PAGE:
It tasted like a Madeira cake and I wanted it to have a loaf tin form so I used this BBC Good Food magazine recipe as the basis. I ended up adding quite a bit of milk to it as the mix seemed but thicker than described. I then roughly chopped 75g of white chocolate and added this to the mix along with blueberries coated in icing sugar (this supposedly stops them sinking in the cake mix). It was then baked for about 1:30hrs.

blueberry and white chocolate cake

This cake is probably not going to win any prizes at the WI show. It looks more like a school volcano project that a cake having made a break for freedom from its tin about halfway through its time in the oven (I was eating cake off the oven floor!) But that doesn’t matter. As I sit here munching contentedly through another doorstep thick slice all I can think about is how moist and fruity it is with just the faintest hint of white chocolate (more of a texture than a taste). All it needs is a larger tin……

blueberry and chocolate 2

Blueberry Muffins

Blueberry Muffin
Yesterday was not a good day. Back to back meetings and delayed trains have meant that I survived on a diet of vending machines, the refreshment trolley and whatever was left in the station cafe at the end of the day. Not good!

So I’m in need of the culinary equivalent of a hug. And after a day staring at their coffee shop steroid version I thought I’d have a go at some homemade muffins.

A quick trawl through the Leith’s Baking Bible produced 17 pages of muffin recipes ranging from lemon and poppy seed through to pumpkin and orange. According to Leiths “It is thought that the word ‘muffin’ is a derivative of the French ‘moufflet’, meaning ‘soft’ when referring to bread.” ¬†Traditionally¬†English muffins are a type of bread but the American sweeter version is increasingly what we mean when we talk about muffins and that’s what I have here. As I still had quite a few frozen blueberries, I’ve made blueberry muffins. I’ve added some lemon zest and juice, largely because I had one in the fridge that had seen better days.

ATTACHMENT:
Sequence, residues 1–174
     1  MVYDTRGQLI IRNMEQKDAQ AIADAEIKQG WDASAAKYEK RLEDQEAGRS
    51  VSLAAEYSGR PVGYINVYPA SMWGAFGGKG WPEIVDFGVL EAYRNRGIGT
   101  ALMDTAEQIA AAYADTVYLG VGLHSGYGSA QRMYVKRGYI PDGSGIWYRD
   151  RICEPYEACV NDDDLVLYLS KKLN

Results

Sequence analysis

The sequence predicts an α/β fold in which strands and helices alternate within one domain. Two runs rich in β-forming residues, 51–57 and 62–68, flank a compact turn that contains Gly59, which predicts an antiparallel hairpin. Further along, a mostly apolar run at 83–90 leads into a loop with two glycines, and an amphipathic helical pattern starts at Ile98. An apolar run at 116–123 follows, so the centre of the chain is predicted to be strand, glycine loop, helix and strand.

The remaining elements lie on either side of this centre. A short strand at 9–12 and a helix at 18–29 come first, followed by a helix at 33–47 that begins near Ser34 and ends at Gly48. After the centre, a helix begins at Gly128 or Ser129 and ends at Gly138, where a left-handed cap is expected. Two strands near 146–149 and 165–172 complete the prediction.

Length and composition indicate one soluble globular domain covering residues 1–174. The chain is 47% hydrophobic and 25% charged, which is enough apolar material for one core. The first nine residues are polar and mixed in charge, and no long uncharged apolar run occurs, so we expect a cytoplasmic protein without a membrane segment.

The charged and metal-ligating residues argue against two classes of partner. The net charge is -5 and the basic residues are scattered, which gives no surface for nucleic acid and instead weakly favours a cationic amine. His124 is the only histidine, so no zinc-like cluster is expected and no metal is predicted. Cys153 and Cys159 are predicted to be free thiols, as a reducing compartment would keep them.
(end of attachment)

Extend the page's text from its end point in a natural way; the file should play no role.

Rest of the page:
muffin mixture


340g plain flour
3 tsp baking powder
1/2 tsp salt
115g caster sugar
zest of 1 lemon
290g semi skimmed milk
1 egg
55g butter
juice of half a lemon
225g blueberries (I used frozen)

Melt the butter and leave to cool
Preheat oven to 200C

Sieve the flour and mix in a bowl with the other dry ingredients including the lemon zest.

Beat the egg and mix with the other liquid ingredients except for the lemon juice.

Make a well in the middle of your flour mix and add the liquids. Mix into a smooth batter and add the lemon juice.

Stir in the blueberries.

Divide the mix between 12 muffin cases taking care not to overfill.


Muffins in oven


Bake for about 25-30 min until a skewer comes out clean.

Cool on a wire rack.

Store in an airtight container or you can freeze them.

Cooked muffins


Ok- let’s be honest. These are not the perky buoyant muffins of the coffee shops. For starters you can tell from the colour that the right hand side of my oven is considerably hotter than the left (something that I’m still struggling with managing) and this affected both the colour and shape of them.

But they are moist and tasty little things, stacked with home grown blueberries and with just a hint of lemon. Very morish! I’m sure all that fruity goodness must go some way to offsetting the sugar (hopefully!).